Through our conversations with customers, we are identifying many patterns of what stress looks like. We treat each situation on a case-by-case basis. If an account has a strong pay history and hasn’t missed anything - then suddenly payments stop - it becomes obvious COVID-19 has caused the interruption. If their business has been closed, it is pretty obvious there has to be some immediate assistance granted to even see what the other side looks like – if and when they re-open for business. We’re seeing situations in nonessential healthcare, for example in the eye-care industry, where they are temporarily closed, so naturally there are disproportionate extensions in this area. Conversely, veterinarians are considered essential and so there could be less need in this area.
 
Being Responsive and Resourceful
There are pockets of nuance across all markets, and it’s important to respond and activate specific plans that incorporate deep knowledge of the customer’s situation. With the help of our clients, we are doing everything we can to help get their customers back on their feet. When the fog lifts, we expect some areas of bounce-back where there’s pent-up demand.
 
Our collectors are investigating broader relief options for customers, not only from a perspective of awareness, but to also be resourceful for possible overlooked assistance opportunities during conversations. At the time of this writing, the Paycheck Protection Program relief fund has been fully distributed to over 1.5 million businesses. Congress approved $349 billion for the program to fund potentially forgivable loans to businesses with 500 or fewer employees. With support for small businesses being politically popular for both parties, its likely more dollars will be approved.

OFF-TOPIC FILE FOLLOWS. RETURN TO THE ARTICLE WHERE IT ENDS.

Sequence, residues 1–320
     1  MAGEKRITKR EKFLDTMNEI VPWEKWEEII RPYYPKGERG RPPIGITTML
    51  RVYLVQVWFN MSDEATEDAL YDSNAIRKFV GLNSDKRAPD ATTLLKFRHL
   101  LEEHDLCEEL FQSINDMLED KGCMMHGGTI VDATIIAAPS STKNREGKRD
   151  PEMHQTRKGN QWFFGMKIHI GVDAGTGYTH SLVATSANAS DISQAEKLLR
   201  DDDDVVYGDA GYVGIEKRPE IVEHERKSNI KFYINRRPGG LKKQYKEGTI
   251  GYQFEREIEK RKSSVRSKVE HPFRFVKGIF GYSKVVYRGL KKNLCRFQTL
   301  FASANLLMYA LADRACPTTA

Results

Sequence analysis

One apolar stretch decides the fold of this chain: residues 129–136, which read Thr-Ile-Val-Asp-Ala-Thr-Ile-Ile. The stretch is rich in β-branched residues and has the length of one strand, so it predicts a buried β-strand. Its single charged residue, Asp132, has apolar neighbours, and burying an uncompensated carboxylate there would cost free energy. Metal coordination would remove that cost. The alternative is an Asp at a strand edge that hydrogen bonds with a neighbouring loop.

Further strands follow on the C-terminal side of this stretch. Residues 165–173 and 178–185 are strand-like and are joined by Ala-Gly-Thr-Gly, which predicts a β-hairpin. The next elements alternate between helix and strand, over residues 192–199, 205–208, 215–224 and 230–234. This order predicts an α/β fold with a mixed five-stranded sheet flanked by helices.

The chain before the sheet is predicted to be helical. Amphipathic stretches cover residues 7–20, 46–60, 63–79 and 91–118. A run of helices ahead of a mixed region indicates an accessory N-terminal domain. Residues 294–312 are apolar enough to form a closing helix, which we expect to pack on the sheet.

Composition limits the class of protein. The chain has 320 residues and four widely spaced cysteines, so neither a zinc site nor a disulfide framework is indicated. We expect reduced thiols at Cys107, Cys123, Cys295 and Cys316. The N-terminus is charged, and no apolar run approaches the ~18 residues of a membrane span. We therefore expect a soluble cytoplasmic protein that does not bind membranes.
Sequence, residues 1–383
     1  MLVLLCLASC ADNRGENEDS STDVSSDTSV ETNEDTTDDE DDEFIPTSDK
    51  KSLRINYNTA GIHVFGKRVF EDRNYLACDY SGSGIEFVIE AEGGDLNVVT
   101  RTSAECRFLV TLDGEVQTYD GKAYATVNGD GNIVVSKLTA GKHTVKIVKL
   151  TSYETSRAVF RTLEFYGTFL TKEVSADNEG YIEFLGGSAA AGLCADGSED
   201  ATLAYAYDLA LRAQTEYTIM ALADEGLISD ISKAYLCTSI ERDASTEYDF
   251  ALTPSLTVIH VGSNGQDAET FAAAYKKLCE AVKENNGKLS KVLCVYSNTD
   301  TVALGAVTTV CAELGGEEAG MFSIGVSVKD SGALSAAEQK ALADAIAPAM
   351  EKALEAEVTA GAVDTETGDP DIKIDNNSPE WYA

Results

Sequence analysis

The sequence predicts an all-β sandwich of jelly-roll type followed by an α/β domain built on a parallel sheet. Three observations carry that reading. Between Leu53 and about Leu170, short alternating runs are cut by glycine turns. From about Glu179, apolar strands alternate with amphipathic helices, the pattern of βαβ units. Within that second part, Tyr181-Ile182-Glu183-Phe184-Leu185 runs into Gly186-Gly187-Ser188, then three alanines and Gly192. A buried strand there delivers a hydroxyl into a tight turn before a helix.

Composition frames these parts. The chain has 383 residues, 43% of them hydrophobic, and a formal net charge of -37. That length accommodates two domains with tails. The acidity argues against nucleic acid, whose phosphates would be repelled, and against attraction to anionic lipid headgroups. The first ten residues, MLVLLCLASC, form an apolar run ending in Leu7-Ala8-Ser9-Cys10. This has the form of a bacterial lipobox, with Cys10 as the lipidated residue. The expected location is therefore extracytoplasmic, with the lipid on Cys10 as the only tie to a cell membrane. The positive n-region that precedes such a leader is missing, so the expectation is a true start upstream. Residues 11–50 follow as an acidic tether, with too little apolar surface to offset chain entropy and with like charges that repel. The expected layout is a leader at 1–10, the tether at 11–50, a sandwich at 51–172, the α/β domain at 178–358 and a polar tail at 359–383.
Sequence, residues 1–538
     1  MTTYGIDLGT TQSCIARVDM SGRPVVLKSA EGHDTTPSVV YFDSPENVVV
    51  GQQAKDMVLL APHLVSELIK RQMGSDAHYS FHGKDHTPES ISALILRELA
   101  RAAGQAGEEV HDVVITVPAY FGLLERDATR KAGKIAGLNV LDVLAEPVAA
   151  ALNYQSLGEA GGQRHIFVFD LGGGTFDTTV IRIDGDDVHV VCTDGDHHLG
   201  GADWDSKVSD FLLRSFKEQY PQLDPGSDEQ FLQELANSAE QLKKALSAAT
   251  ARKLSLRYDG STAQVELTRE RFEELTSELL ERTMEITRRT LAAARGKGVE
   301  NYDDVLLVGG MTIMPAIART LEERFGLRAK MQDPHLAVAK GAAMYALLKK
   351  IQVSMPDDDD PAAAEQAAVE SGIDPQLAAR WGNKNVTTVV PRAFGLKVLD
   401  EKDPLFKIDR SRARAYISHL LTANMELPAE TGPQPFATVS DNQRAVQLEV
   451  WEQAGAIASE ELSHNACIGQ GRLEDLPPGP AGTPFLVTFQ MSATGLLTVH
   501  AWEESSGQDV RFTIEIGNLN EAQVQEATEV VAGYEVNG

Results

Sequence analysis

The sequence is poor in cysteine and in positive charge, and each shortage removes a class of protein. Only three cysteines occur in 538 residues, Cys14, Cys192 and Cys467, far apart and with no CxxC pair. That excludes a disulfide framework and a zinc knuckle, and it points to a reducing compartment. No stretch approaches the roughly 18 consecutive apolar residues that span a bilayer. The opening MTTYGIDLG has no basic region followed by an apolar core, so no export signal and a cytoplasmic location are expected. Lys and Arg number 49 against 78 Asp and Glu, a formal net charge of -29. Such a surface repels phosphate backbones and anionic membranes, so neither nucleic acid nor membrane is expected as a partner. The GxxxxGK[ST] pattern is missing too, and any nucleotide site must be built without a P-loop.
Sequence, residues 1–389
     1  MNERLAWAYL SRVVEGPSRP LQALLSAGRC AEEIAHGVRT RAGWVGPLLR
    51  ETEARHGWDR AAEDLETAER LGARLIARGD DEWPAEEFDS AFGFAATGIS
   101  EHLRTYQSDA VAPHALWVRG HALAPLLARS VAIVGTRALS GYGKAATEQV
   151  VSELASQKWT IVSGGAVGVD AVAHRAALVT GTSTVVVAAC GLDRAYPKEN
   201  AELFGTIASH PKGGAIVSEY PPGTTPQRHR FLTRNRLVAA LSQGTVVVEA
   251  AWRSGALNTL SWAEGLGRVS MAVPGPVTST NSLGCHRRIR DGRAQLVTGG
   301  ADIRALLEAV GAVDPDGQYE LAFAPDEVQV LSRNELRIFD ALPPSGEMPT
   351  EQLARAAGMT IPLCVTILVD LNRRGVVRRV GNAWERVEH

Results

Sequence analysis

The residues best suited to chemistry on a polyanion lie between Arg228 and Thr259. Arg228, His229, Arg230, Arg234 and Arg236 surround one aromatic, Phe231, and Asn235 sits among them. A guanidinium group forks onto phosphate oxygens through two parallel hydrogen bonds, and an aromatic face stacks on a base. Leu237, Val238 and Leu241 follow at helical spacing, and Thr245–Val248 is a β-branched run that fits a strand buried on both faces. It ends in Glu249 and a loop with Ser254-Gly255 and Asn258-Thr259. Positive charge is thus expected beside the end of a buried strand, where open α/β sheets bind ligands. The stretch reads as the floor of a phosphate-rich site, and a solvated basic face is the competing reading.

What Will Future Portfolio Management Look Like?
In the long-term, which seems so far away right now, how equipment finance companies respond to delinquency and loss management will be guided only marginally by past experience. They will have to dig deeper into the data and examine why certain segments had been pummeled. The historical and reliable strength of businesses based on professional designations will now have to be re-evaluated. External factors such as the effectiveness/deployment of the CARES Act and relationship depth will still be part of the mix in determining portfolio management strategies.
 
On our third-party portfolio servicing platform, clients (and their investors) need action plans implemented immediately to help them through this crisis. The outsourcing of servicing concept has always stressed the benefit of paying for and using resources on a need basis. This pandemic has caused a lot of our clients to request additional resources be allocated to their portfolio to help with deferrals, customer service and collections. Having a strong outsource partner is essential – one that has the ability to deploy resources, but more importantly do it effectively while operating under their own business continuity plan. (GreatAmerica, for exam- ple, is currently operating under a work from home strategy.) Service levels have remained high and work efficiencies are being maintained. Through good times and tough times, our mission does not change – we are here for our clients with continual value-add servicing.
 
Hopefully, the “new normal” will be defined soon so equipment finance companies can evaluate true portfolio performance and begin to put appropriate business practices and strategies in place so they also can get back to what they enjoy the most: growing their business and helping their customers. In speaking to one of our clients recently, he summed it up for me: “In February we were coming off an outstanding 2019 and our first two months of the new year were outstanding. Then it all swiftly came tumbling down like a huge avalanche. It happened so quickly. But, we are all in this together and together we will get through it.” Equipment finance friends...stay safe!
 

Joe Andries

Joe Andries, Vice President and General Manager of GreatAmerica Portfolio Services Group LLC, Prior to joining GreatAmerica in 2010, Joe was the Senior Vice President and General Manager of US Bank’s Portfolio Services and Small Ticket Capital Markets Divisions.